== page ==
This allows us to easily set up regression tests from any run of the system, whether it was a test run or a real production run. For any run, we can take the input and output data files, and the script, and rerun the system and compare the outputs. (We have another system where we can store all these files and automatically rerun them.)
Implementing this was a minimal amount of work, as the system had a kind of MVVM (Model-View-ViewModel) design which kept the screens and logic separate, and so replaying a script file could directly invoke the appropriate screen functionality, without need of actual user interaction with the screen.
A kind of cool thing in implementing this was that it is easy to check if the scripting capability itself is working correctly, because in applying the input script, the system is at the same time generating a new script (as always, it is recording exactly what it is doing) which should be effectively exactly the same as the original script (apart from timestamps etc). If there are differences, then somehow the input script was not replayed exactly. A comparison of input and output script files shows us whether it worked. Just a nice little example of self-testing software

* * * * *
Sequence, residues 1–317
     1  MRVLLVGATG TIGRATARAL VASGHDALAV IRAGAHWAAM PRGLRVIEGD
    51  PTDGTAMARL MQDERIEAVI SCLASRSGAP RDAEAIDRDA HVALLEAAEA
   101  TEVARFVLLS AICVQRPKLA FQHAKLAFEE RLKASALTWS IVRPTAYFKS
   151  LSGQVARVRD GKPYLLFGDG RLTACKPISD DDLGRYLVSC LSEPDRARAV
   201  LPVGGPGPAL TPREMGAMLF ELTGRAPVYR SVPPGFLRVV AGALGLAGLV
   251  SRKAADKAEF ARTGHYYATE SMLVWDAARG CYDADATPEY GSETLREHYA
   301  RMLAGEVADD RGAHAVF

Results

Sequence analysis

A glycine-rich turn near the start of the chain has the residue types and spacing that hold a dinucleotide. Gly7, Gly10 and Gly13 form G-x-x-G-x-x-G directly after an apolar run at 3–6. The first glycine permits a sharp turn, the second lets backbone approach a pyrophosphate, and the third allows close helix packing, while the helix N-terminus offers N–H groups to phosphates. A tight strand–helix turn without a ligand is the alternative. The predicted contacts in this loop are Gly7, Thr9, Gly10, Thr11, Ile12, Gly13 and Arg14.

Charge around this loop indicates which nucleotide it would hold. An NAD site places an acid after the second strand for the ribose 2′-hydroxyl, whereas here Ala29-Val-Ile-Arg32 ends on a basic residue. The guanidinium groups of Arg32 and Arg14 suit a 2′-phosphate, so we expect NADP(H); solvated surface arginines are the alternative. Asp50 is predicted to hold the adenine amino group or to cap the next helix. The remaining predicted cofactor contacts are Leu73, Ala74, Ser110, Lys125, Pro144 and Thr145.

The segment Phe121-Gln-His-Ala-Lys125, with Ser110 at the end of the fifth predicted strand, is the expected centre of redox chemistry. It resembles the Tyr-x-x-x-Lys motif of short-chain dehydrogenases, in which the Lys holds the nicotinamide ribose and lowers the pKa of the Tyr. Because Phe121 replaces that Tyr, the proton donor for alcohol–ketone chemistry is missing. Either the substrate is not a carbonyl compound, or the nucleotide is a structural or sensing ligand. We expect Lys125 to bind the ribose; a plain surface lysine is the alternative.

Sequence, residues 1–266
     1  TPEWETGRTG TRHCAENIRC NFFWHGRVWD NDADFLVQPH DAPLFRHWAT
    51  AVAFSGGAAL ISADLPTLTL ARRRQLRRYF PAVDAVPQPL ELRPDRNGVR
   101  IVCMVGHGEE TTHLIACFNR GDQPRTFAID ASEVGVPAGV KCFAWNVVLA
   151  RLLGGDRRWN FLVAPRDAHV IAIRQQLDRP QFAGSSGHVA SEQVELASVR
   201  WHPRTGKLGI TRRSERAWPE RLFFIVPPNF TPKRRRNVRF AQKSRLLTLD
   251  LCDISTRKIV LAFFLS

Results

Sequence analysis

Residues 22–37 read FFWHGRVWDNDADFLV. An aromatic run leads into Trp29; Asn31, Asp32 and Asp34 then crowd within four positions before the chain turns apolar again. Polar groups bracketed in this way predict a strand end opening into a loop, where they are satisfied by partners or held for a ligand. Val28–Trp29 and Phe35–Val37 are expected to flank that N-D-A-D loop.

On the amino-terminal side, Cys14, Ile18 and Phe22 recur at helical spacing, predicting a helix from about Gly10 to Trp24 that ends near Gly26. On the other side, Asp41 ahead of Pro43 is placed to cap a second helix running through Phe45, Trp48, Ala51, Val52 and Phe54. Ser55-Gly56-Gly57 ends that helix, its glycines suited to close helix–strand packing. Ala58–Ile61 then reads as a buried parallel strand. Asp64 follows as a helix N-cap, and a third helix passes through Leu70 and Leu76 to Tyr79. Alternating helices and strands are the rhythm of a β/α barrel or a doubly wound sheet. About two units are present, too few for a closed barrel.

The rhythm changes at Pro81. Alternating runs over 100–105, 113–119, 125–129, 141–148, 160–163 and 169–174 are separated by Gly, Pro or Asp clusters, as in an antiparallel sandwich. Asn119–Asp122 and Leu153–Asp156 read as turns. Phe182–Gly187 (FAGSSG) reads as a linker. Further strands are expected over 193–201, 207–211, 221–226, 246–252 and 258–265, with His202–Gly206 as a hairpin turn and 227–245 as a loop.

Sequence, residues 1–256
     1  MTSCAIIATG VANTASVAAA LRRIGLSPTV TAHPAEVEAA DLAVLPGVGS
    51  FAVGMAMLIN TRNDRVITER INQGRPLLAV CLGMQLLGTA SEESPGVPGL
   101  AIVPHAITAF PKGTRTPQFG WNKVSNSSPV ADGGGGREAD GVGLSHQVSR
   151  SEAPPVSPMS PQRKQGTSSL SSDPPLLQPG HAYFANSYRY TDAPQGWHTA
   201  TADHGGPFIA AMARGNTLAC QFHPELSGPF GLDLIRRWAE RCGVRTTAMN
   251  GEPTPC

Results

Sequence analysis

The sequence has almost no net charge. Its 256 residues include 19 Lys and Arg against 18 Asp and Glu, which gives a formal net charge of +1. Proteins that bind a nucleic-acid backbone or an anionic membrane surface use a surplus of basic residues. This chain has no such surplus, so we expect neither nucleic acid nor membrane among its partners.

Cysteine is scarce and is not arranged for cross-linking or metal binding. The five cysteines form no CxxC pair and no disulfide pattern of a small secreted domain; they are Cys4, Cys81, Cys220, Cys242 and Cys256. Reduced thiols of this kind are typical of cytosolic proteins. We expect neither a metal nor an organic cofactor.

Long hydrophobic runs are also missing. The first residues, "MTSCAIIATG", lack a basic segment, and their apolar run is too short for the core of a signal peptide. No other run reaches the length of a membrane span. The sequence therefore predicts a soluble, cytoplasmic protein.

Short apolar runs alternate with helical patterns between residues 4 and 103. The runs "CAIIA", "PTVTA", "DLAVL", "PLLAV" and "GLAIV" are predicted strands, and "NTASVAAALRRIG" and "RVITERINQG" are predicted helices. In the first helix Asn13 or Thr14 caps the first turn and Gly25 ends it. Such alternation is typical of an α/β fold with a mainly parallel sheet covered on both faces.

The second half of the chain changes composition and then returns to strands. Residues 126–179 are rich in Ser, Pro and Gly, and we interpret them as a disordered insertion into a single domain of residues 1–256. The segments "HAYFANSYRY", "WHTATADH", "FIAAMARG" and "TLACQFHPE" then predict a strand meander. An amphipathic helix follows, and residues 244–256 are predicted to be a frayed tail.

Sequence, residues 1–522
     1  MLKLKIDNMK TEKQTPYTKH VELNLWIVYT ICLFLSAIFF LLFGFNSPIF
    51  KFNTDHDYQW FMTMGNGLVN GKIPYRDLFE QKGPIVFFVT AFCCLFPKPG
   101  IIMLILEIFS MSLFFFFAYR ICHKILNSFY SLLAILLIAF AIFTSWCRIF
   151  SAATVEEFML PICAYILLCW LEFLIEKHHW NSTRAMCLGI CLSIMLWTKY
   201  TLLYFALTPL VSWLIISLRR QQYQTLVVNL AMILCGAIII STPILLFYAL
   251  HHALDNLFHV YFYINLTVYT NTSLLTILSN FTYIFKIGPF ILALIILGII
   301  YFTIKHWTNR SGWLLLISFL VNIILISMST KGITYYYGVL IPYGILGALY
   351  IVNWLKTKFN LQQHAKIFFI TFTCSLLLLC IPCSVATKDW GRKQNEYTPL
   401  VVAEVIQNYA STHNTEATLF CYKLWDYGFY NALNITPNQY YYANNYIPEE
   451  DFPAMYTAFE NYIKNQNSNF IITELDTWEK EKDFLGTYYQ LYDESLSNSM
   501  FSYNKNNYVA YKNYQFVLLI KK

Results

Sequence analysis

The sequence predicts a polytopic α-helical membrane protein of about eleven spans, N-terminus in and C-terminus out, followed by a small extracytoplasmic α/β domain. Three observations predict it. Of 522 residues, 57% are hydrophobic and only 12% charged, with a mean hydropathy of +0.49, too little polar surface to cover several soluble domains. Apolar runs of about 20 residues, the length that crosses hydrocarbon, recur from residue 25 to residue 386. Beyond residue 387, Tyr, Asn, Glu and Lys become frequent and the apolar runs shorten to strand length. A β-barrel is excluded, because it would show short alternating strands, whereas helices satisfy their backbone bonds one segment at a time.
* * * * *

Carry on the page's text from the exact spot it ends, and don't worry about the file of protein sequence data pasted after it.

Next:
Again the gain here is that just using the system is in effect creating a test - we don’t need a separate scripting tool to record/playback a session.
As part of the above work to implement scripting, it became trivial to implement a “random” mode, where the system randomly chooses an action to take in response to any edit that is triggered. Given some input data, we can let the system randomly explore and choose any available action. Eventually (hopefully !) the data is all fixed and the session ends. (Or else it may have crashed along the way, which is a good result because now we definitely know there is a bug.) We can then check the output data for correctness - we have some automatic validations that can be applied, or we can manually inspect the data.
This lets many more paths through the system be explored than we have time to do manually. It still remains a fairly manual and laborious task to check the output data if the automatic validations don’t find any issues. If we do find issues, we can then fix the system (and add more auto validations).
Test data generation
I think this deserves a topic on its own ! - but will briefly describe an approach we are trying here.